PARIS (AFP) - Suicides have fallen globally by more than a third since 1990, according to a far-reaching analysis released on Thursday (Feb 7) that highlighted profound differences in the number of men and women taking their own lives.
The World Health Organisation lists suicide as a critical public health issue and estimates that at least 800,000 people kill themselves every year.
Although reporting of deaths from self-harm varies between nations, data models devised by the team behind the Global Burden of Disease - which tracks all known causes of death by country - show a clear downward trend in global suicide rates.
In results published in the BMJ journal, the study estimated that 817,000 people killed themselves in 2016 - a slight increase of 6.7 per cent since 1990.
However, as the global population has boomed over the last three decades, the team found that the rate of suicide adjusted for age and population size fell from 16.6 to 11.2 deaths per 100,000 people - a plunge of 32.7 per cent.
"Suicide is considered a preventable cause of death and this study shows that we should continue in our efforts towards suicide prevention," said Ms Heather Orpana, research scientist with the Public Health Agency of Canada and a collaborator on the study.
"With further efforts we could take further reductions in suicide mortality."
The Global Burden of Disease analysis, conducted each year by the Institute for Health and Metrics Evaluation, a think tank partly funded by the Bill and Melinda Gates Foundation, estimates mortality by cause, location, age and gender extrapolated from hundreds of data sources.
While welcoming the overall downwards trend, the team behind Thursday's paper warned that in several regions of the world, suicide was still among the leading causes of years of lives lost.
In 2016, 34.6 million years of life were lost globally from suicide - that is, the age when suicide deaths occur compared with average life expectancy in a given region or nation.
In addition, men were still more likely to kill themselves than women in all regions and age groups, apart from 15- to 19-year-olds, though the analysis did not speculate why.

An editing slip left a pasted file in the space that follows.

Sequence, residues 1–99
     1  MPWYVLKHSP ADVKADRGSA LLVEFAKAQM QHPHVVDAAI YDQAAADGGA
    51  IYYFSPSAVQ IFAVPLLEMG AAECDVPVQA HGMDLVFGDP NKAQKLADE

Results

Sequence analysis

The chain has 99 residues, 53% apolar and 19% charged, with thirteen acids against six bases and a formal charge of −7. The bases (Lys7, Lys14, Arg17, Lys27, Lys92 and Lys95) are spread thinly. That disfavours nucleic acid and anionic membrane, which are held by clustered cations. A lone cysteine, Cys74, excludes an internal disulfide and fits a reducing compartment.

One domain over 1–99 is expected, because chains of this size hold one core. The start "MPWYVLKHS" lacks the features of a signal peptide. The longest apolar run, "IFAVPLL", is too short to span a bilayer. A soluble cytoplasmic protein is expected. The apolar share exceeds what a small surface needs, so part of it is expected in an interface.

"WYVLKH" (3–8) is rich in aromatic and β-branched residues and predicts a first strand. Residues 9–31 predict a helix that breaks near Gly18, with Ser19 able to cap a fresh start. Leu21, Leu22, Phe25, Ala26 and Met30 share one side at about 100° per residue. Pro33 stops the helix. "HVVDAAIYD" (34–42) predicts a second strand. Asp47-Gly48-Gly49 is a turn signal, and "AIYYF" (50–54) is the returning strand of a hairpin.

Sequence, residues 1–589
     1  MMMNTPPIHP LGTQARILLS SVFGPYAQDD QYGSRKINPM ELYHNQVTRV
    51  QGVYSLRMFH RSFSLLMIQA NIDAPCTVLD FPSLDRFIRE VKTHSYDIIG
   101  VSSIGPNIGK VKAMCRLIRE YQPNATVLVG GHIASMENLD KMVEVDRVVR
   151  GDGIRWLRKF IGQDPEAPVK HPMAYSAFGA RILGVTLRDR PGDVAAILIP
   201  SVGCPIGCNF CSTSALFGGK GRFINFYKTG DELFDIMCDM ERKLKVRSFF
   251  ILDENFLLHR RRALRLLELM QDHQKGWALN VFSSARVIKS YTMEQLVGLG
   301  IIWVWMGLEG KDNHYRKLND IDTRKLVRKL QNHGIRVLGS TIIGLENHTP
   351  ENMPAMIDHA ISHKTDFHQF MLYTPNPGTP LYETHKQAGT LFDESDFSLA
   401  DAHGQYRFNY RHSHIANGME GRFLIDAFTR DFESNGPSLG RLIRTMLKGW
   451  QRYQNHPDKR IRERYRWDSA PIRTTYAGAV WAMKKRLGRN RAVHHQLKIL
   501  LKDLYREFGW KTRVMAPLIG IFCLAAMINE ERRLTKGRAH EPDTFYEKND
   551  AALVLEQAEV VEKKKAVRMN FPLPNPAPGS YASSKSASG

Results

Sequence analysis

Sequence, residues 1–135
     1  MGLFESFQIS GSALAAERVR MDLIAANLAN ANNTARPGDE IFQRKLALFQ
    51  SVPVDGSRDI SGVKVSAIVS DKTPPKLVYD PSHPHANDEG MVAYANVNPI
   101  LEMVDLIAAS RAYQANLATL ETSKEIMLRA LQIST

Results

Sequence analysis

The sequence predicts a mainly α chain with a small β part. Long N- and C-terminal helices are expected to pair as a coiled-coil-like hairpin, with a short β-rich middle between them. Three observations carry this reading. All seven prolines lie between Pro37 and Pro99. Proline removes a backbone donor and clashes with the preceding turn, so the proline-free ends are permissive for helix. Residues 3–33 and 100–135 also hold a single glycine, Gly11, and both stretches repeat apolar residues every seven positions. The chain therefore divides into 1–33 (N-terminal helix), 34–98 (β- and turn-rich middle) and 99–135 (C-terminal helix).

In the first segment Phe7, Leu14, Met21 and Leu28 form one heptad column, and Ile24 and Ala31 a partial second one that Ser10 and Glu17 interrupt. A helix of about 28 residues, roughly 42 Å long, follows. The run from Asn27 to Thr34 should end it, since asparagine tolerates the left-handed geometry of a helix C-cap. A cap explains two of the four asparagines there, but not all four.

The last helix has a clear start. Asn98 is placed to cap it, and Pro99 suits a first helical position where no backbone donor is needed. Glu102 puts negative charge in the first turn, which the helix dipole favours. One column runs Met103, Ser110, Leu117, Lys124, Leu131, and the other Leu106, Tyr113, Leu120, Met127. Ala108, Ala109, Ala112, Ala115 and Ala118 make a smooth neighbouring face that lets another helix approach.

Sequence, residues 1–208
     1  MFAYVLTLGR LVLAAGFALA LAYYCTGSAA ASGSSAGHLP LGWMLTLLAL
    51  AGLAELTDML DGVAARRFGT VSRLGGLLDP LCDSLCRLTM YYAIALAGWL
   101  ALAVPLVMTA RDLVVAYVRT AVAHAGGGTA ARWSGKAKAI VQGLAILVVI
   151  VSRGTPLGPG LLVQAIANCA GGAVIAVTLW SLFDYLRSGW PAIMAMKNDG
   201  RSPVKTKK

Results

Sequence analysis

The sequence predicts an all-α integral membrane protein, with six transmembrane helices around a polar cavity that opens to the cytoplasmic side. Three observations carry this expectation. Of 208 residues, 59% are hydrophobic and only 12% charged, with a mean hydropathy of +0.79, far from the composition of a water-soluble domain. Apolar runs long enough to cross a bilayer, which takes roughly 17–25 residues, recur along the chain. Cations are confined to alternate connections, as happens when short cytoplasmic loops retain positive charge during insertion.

"Mortality rates were generally higher for men but there was considerable variability between men and women depending on the age, and even the country," Ms Orpana told AFP.
Globally, men hugely outpaced women for suicides, suffering 15.6 deaths per 100,000 compared with 7.0 for women.
The study found that the overall global mortality rate, including all causes of deaths, had fallen by more than 30 per cent since 1990, something often attributed to having fewer people living in absolute poverty and better access to healthcare.
Ms Orpana said the fact that both suicide deaths and overall mortality fell in close proximity suggested that suicide might be better tackled if treated as just another illness.
"Sometimes we might look at suicide as a different kind of health outcome than, say, cardiovascular disease or cancer, which are considered more traditional," she said.
"But what the similar rate (fall) may be telling us is that suicide may be similar to other health outcomes and in some ways may be driven by similar factors."
The WHO has targeted a 10 per cent cut in global suicide rates by 2020.
But the study authors highlighted huge variations in suicide trends on a country-by-country basis.
In China, the average rate of suicide deaths fell 64.1 per cent since 1990, but in places such as Zimbabwe, the rate had almost doubled in the same timespan.
"We are seeing what is an important reduction in global suicide mortality. But those reductions have not been consistent across regions, countries, sex or ages," said Ms Orpana.